Threat Encyclopedia

Selected viruses, spyware, and other threats: sorted alphabetically

Win95/Tenrobot.B

Description 

Upon infection, the virus starts a new thread and after that passes control to the original host file code. The virus hooks the file system open function via undocumented Kernel API call ( VWIN32::QueueUserApc) so that it is able to infect executable files on open.

The virus is memory resident.During the infection process, Tenrobot appends its code at the end of the last section of its host file.

It also adds garbage bytes after the attached code; hence the size increase of infected files might vary. However, the raw virus code size is 4257 bytes, so any infected executable will increase at least by this number of bytes.

If the infection Marker ( "NETR") is already present in the file header, the virus skips infecting this file again because it knows that it's already infected. This prevents multiple infections which would result in endlessly growing files until the hard disk space is full.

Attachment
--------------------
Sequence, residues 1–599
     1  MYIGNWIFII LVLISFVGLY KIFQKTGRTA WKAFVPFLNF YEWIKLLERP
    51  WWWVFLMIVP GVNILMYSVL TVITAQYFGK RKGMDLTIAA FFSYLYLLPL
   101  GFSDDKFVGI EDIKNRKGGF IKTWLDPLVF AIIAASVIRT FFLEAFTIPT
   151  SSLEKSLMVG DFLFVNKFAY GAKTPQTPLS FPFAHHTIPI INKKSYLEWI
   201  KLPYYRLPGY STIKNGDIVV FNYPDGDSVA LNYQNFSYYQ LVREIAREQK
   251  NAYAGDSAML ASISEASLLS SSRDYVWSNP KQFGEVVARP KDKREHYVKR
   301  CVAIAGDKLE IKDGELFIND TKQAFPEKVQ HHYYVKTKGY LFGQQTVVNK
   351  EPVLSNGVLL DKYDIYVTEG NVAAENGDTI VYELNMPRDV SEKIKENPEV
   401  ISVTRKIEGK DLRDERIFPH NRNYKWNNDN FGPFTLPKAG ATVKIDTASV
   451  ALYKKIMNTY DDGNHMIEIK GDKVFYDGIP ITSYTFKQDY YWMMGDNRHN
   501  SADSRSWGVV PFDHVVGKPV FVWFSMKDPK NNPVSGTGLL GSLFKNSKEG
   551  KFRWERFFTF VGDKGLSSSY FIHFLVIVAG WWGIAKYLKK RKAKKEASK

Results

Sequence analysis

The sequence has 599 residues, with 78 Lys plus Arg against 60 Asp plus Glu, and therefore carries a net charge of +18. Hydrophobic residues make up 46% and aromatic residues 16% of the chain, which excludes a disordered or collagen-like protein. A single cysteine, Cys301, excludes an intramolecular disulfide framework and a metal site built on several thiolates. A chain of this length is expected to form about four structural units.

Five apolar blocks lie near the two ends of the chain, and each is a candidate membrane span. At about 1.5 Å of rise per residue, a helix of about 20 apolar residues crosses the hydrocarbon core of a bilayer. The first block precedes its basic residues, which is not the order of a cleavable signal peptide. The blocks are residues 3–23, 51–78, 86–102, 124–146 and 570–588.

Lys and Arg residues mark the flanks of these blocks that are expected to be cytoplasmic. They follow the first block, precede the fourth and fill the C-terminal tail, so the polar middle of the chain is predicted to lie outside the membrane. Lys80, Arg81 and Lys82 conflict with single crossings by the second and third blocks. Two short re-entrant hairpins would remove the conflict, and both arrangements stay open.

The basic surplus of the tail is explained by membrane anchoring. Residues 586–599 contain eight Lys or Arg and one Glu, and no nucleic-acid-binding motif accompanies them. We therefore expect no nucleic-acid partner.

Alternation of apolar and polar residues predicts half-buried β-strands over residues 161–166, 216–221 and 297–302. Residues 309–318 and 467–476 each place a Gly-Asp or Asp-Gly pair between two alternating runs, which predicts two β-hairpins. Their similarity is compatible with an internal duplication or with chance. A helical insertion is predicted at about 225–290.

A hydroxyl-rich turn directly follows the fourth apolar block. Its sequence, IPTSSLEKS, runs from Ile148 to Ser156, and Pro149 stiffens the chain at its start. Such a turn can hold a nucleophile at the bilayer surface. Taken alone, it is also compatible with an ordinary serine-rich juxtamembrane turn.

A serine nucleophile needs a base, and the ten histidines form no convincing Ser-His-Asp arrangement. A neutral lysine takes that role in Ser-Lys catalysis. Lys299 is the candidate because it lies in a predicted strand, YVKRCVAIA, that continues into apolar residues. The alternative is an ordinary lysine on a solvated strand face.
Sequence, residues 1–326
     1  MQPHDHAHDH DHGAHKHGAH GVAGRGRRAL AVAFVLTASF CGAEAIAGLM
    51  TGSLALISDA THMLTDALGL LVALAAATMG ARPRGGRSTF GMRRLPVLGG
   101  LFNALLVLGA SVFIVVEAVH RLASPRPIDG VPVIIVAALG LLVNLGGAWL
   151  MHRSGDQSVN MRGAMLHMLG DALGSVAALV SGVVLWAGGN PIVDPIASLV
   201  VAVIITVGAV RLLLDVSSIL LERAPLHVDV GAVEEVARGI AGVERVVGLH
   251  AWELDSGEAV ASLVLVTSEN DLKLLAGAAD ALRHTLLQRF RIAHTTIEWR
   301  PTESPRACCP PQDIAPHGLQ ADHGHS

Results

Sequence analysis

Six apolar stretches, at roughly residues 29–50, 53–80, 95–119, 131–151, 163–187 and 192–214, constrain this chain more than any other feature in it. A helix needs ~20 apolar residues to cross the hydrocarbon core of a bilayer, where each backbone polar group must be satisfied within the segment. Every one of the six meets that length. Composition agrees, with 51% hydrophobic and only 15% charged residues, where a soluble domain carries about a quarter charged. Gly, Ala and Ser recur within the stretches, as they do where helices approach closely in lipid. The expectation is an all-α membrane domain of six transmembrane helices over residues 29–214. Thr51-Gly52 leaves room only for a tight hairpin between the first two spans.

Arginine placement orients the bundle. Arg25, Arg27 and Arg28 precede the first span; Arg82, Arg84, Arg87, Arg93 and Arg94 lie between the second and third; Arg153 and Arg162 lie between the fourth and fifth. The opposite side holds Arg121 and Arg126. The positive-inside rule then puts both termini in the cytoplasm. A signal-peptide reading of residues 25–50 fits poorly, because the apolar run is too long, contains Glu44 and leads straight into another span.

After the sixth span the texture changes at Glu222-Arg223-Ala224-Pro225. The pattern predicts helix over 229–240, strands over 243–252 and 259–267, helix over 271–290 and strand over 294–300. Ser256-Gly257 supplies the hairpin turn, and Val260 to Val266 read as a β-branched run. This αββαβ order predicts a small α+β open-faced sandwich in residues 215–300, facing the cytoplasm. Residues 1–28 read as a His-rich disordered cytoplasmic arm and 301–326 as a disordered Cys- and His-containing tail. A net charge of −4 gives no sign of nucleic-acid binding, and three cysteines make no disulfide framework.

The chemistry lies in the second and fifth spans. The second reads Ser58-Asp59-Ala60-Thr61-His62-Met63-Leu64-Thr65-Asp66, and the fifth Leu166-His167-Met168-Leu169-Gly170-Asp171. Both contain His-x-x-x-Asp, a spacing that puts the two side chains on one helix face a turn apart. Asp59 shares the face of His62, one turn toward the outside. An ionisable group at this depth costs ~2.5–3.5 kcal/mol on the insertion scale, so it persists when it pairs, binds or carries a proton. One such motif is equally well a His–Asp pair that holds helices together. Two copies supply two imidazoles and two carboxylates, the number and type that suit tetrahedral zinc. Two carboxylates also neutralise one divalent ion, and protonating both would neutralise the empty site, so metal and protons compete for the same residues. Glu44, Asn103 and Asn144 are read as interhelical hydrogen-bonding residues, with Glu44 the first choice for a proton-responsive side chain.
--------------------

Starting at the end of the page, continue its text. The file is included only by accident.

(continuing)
A closer look into the disassembly shows that this infection marker is always located at offset 58 hex (88 dec) relative from the PE Header Offset.

Backdoor Functionality

Tenrobot tries to connect via static IP 217.17.33.10 to an IRC server (efnet.pl).
The IRC function of Tenrobot generates a random user name and password and joins the channel "#NetRobot".

The supported IRC commands are:
KICK, JOIN, PING and PRIVMSG, which the backdoor's component uses to perform specific actions on the local compromised system.

If the attacker sends the message "!die" via IRC commands, the virus will unhook itself from the file system and terminate the backdoor functionality. (unloading)

The backdoor is able to download and execute a program from a remote Internet site using Port 80 (HTTP protocol).

Note: The virus does not infect executables whose name commences with:
SETU, INST, WINC, WC32, WCUN, PSTORES.
On a Windows NT system, the virus calls directly the host without activating a malicious
code. That said: The virus is not able to replicate under NT-based systems.

History: Analysis and Write-up by: Michael St. Neitzel